Rise of passives
What happens when we hit peak passive? Rathbones head of multi-asset investments David Coombs wonders how markets will look when dumb money outnumbers the people looking at the accounts.
Tracking indices has become a popular way of investing in the past few years. Quantitative strategies have also been on the rise. That’s where computers are let loose to read news reports, old price data and relationships between assets and then trade on their inhuman hunches thousands of times a day. Both have had profound changes on markets. Momentum, as a factor, is supreme. And a wave of passive investors buying stocks based on how much they went up yesterday has no doubt played a part in that. There are other effects. To us, at least, it feels like assets get lumped together for superficial or artificial reasons much more frequently and to a greater degree than in the past. We reckon this could be due to the multitude of funds that simply track a basket of stocks put together passively to suit a certain theme (usually cooked up by investment bank research desks). It could be all UK stocks moving as one, even though few of them make much cash in the UK: let’s call it a ‘Brexit basket’. Or perhaps any business with half a hand in Artificial Intelligence or automation is bundled together as a ‘Next Gen’ ETF. It means the prices of all those companies start to become more correlated the more people buy into the story. And there are a lot of these stories around at the moment – with ETFs to ‘play’ them.
Nowadays, one telco posts poor results and every company with some masts seems to sink along with it – sometimes even the shipping companies! This creates problems, but it also creates opportunities for the patient investor. When a whole sector is sent lurching downward because a competitor’s bad result snowballs into a mass sell-off by quant and passive funds, active fund managers can buy the quality companies at a much better price. When you’re taking the long view, you can ignore some short-term confusion; passive investors and quants can’t.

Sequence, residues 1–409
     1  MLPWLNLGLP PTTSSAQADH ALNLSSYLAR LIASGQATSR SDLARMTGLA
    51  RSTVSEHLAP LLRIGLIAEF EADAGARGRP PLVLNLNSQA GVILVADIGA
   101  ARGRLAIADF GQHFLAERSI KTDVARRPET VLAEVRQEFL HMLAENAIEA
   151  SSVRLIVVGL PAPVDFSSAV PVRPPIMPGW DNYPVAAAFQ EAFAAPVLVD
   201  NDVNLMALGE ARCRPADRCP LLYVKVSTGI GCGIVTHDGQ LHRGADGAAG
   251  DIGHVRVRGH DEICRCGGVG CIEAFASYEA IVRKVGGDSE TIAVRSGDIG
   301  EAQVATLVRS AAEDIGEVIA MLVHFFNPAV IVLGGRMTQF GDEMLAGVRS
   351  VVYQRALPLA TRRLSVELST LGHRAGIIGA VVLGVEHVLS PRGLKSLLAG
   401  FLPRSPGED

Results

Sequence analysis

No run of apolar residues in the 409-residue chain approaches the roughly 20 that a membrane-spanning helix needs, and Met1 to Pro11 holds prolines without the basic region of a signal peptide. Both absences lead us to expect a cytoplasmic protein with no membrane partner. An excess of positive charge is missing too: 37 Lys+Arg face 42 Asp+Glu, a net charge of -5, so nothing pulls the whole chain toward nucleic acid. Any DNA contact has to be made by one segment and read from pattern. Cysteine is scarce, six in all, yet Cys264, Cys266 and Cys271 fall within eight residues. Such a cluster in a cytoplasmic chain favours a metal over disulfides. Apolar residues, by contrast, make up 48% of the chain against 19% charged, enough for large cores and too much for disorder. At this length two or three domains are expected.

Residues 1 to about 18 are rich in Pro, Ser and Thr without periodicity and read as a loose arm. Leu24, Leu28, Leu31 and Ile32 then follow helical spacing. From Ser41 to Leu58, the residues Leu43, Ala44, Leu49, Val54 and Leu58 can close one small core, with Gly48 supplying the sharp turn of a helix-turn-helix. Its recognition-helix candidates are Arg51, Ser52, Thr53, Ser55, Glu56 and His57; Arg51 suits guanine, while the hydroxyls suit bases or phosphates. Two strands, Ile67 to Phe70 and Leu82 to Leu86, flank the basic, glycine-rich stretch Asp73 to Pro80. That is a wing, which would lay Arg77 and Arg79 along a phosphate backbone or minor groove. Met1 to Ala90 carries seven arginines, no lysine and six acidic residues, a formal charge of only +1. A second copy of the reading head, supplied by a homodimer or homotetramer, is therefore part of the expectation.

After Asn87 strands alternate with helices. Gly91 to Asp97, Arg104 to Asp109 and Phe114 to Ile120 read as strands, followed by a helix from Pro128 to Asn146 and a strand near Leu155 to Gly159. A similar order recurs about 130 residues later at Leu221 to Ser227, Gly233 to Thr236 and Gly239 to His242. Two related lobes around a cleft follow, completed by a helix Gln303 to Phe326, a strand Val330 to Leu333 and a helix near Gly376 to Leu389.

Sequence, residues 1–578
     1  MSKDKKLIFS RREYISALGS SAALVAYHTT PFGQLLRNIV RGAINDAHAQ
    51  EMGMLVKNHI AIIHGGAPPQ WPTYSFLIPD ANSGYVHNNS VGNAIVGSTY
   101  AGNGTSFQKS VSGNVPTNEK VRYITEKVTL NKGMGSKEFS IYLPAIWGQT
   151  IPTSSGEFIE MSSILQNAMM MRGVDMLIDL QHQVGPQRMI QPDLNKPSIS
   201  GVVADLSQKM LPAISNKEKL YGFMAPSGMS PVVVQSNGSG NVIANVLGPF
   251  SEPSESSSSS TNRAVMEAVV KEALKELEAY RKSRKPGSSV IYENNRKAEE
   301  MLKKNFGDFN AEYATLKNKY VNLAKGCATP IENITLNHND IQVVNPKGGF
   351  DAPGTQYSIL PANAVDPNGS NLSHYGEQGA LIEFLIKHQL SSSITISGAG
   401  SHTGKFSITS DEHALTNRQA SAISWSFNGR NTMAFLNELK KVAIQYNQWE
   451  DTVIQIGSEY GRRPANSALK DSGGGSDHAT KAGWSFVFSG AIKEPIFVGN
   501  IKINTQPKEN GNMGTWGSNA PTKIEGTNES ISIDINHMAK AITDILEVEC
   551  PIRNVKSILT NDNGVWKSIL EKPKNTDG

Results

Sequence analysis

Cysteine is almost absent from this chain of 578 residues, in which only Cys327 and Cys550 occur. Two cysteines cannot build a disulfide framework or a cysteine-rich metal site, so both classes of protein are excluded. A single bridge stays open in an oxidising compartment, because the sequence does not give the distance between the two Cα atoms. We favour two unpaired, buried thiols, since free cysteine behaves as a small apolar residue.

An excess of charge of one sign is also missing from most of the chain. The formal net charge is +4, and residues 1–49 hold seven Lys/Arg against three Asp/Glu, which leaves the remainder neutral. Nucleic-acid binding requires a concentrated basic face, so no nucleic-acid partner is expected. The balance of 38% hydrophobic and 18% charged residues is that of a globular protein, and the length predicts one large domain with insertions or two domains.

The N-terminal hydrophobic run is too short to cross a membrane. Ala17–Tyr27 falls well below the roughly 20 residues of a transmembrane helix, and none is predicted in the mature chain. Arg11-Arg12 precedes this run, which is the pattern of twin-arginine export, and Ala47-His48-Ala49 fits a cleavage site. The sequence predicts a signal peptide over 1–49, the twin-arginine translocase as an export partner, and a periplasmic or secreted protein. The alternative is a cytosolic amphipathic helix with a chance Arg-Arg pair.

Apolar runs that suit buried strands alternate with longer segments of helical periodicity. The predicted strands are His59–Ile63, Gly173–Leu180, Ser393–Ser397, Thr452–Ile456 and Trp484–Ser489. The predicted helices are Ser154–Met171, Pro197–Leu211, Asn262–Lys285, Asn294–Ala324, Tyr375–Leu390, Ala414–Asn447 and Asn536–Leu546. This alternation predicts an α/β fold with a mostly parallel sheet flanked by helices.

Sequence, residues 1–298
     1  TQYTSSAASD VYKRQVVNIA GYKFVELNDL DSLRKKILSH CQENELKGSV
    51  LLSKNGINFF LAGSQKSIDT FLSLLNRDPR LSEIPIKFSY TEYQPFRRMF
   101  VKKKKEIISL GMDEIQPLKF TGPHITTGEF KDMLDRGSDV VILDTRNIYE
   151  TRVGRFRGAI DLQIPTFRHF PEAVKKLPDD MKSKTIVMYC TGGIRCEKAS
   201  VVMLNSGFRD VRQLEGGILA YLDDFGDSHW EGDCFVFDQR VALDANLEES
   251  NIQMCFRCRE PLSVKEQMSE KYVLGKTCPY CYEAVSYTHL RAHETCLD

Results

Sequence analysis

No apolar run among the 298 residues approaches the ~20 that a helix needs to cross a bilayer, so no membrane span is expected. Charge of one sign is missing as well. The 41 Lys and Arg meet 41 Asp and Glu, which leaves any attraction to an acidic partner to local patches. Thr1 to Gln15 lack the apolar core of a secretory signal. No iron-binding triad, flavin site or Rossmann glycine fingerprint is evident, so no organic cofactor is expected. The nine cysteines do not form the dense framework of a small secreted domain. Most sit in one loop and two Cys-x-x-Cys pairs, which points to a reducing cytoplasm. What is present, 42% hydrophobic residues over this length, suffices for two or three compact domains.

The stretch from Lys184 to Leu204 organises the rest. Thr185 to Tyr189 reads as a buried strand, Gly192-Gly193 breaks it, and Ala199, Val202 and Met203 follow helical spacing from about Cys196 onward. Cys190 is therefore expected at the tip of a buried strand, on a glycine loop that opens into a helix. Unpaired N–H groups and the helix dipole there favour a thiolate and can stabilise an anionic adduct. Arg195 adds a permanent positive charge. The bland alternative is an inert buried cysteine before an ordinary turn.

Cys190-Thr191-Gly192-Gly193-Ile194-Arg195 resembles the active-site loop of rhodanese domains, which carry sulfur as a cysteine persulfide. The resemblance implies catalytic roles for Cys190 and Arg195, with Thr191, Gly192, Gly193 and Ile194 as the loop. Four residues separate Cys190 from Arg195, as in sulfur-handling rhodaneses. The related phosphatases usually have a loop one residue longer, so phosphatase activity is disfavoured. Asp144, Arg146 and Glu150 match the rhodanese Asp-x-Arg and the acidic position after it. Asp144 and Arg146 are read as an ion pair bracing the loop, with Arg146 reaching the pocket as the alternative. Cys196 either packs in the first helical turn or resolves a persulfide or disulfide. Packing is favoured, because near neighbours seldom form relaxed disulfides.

These dynamics are only going to increase in the coming years, we believe. As the amount of passive and quantitative trading gets closer to matching that of active managers, markets could start to look very strange indeed. At the moment, most trades are active ones, compelled by company fundamentals like honest earnings, prudent borrowing and sustainable growth opportunities. When passives and quants take the lead, the underlying financials of a company may have less significance for markets. Companies may start to adjust their financial accounts to manipulate specific metrics that passives and quants use blithely to determine what to buy. As soon as discretion is removed from decisions, things tend to go awry.
It hasn’t always been easy going, but Rathbones’ multi-asset strategies have come a long way since they were first launched a decade ago, and David Coombs, our Head of Multi-Asset Investments, takes the opportunity of this 10-year anniversary to reflect on that journey in his report 'Cracking on'.